The album was recorded in three sessions according to Dawson who designed the sessions around the old school methods of Motown, Sun and Stax/Volt by retaining a house band to back a flow of artists throughout the session. Jazz legend Wayne Horvitz provided piano, Wurlitzer, Hammond and pump organ and his presence resounds throughout this collection. Keith Lowe who's bass work with Bill Frisell and Fiona Apple are well doumented formed the rhythm section with drummer Matt Chamberlain (Bowie, Peter Gabriel). Dawson himself provided a variety of slide guitar styles on several tracks and contributed one of his own on 'Lonely One in This Town'. This is a formidable band in any circle. Their appreciation and respect for the material's intent is evident throughout.
There's too many highlights on this collection to call any one the pinnacle but of particular high note are 'Bootlegger's Blues' that places Oh Susanna and Van Dyke Parks together with Dawson's crew and a wall of strings arranged by Parks. The result is a magical matching of diversity that brings the classic 'Bootlegger's Blues' to a new level. This is what roots music was always meant to be.
The Mississippi Sheiks sold over a million copies of the band's trademark song 'Sittin' On Top of the World'. It is the most well known of their songs and the one most associated with them. Dawson chose The Carolina Chocolate Drops for the signature song and it too is among the highlights of a highlight collection. The Carolina Chocolate Drops are a three piece of young black musicians that are well versed in the spirit and meaning of traditional string band blues and folk music. Their cover of 'I've Got Blood in My Eyes for You' appeared on the soundtrack to the Great Debaters and rivals any cover of that song I've heard. Their use of melodic 'banjo-harmonies' is of particular note on their contribution here.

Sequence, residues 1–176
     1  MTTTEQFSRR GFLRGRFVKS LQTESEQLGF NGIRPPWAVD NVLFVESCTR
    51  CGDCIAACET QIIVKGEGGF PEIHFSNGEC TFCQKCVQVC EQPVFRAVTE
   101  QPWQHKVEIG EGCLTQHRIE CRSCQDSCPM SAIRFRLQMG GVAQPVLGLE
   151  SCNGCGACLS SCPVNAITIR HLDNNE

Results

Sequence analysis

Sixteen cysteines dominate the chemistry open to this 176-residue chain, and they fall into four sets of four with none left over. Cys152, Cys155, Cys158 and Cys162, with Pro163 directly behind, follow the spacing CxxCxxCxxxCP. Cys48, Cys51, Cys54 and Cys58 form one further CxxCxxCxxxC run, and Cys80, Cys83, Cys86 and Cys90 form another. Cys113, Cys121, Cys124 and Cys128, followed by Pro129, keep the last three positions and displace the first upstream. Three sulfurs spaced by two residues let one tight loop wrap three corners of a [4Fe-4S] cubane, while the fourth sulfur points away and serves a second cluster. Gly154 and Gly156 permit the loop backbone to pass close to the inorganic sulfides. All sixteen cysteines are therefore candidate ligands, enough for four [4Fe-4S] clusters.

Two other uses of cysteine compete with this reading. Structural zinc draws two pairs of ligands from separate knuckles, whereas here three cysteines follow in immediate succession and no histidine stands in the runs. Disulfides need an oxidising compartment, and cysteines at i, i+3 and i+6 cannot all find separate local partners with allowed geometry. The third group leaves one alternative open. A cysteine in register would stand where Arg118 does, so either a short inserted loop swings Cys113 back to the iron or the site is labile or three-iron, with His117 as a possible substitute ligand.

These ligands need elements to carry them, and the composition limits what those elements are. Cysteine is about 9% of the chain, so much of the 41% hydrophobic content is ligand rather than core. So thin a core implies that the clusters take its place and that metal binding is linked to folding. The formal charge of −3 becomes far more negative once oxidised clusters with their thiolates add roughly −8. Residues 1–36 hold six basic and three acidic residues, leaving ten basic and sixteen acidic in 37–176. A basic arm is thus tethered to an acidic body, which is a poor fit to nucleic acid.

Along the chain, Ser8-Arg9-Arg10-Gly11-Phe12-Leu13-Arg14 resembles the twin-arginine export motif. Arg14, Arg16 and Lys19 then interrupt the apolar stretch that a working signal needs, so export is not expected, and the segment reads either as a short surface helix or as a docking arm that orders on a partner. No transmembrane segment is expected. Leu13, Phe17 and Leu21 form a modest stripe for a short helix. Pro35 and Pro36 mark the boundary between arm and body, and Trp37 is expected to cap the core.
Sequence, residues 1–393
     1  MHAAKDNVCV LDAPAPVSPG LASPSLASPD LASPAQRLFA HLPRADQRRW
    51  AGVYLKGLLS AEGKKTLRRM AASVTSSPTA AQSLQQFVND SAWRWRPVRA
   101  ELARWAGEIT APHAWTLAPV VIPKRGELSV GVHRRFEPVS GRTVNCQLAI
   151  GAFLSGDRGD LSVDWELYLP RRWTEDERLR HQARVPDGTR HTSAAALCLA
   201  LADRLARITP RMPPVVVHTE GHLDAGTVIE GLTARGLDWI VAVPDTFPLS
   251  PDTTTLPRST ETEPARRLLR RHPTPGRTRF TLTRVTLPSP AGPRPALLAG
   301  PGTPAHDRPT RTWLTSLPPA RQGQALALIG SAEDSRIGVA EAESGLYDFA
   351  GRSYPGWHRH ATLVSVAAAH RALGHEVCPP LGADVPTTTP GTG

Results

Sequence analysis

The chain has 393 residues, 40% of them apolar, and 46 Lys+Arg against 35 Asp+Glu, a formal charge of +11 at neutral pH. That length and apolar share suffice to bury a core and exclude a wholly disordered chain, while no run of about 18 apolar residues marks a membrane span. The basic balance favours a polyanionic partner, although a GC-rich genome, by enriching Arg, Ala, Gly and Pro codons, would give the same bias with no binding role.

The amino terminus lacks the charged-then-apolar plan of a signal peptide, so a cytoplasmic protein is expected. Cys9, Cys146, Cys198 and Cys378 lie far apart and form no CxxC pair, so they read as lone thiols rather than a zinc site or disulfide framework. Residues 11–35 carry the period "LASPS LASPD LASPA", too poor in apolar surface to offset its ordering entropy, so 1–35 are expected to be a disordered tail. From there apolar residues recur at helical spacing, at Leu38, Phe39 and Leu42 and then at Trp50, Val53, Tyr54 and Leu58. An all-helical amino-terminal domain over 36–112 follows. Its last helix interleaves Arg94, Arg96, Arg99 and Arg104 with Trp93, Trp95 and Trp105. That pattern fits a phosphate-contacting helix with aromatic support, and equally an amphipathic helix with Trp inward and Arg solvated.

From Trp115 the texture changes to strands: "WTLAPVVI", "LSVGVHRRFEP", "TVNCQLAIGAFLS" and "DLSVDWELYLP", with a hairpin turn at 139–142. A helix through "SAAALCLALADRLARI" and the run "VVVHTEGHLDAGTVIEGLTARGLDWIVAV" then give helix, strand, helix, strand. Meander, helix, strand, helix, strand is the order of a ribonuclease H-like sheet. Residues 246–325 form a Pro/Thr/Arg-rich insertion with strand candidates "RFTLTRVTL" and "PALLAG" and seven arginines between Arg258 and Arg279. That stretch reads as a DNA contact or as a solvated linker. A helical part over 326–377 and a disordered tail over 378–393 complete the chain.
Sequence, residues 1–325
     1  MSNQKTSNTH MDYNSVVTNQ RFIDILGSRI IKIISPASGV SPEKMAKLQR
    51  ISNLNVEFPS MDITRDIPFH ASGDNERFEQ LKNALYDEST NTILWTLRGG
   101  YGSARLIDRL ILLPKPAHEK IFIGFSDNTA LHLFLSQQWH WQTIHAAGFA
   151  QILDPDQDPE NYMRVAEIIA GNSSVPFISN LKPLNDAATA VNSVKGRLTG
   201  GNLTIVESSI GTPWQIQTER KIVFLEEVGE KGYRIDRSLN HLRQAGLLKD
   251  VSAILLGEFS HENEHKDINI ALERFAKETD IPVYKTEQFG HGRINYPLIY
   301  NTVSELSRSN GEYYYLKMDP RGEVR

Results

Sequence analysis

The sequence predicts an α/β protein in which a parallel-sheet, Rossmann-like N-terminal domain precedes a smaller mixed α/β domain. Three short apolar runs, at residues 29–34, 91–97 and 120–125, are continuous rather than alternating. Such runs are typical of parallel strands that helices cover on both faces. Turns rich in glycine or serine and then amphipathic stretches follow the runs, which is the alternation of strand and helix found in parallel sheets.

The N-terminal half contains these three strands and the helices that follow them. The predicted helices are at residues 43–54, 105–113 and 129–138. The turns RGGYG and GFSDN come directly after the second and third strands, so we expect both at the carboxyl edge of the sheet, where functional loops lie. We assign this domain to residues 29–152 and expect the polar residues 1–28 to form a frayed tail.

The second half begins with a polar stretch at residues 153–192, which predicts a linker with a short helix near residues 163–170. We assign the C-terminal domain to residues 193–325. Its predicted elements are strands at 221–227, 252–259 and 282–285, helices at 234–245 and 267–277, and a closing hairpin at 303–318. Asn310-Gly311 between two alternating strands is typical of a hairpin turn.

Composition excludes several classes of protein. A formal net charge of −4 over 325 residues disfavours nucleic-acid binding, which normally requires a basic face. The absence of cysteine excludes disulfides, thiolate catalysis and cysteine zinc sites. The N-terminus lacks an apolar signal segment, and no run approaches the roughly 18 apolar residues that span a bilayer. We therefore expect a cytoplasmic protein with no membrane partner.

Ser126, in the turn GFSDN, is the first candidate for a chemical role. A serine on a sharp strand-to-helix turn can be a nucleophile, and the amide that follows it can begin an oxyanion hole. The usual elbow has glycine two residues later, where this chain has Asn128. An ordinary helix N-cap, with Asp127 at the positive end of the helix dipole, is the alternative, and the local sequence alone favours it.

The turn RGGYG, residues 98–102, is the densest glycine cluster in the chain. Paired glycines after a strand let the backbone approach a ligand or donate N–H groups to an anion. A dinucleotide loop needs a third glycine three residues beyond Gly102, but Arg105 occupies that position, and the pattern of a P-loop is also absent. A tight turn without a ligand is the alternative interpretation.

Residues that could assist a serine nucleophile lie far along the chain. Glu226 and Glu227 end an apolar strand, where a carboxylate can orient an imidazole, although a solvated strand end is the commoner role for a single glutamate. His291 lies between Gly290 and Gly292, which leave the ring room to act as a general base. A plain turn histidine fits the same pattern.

'Things About Comin' My Way', were it to be the underpinning of a George Clooney film would be as important to the Americanan/roots music culture as the 'Oh Brother Where Art Thou' soundtrack and it's a real shame it probably won't reach those lofty heights. But if some of the many awards voting folks are reading this or any of the other reviews that will undoubtedly surface this one has a chance to get it's just rewards and put Black Hen Music on the map.
Parisian born vocal heavyweight Madeleine Peyroux adds additional star power to the album and her contribution is noteworthy. Peyroux's voice is simply brilliant if she were just ordering a sandwich. While her voice draws instant comparisons to Billie Holiday, I think she has tackled and conquered a more demanding span of material in her brief decade on the roots circuit than did Holiday. Her version of 'Please Baby' is an erotic, sexy blues groove that allows her to expand into the subtelties of the original. I believe this is one of the best songs on this collection and it's radio-ready for Americana/Roots airplay.
Canadian music icon (read: National Treasure) Bruce Cockburn leaves an indelible stamp on the record with his swaying-in-the-breeze version of 'Honey Baby Let the Deal Go Down'. The addition of trombone by William Carn and the obscure Weissenhorn slide guitar of Dawson places the listener on the banks of the bayou watching the weeping willows flutter in the breeze. Cockburn's vocal interpretation is spectacular.
Dawson's work on producing and his overall concept for this recording is nearly perfect. There are many more notable performances here than room to describe them but it's evident that his love for the music and his appreciation of its spirit and place in history are not left to chance. It's a spectacular piece of work and with a little luck will place Steve Dawson in Los Angeles come Grammy Time when the first ever Americana Music Grammy gets doled out.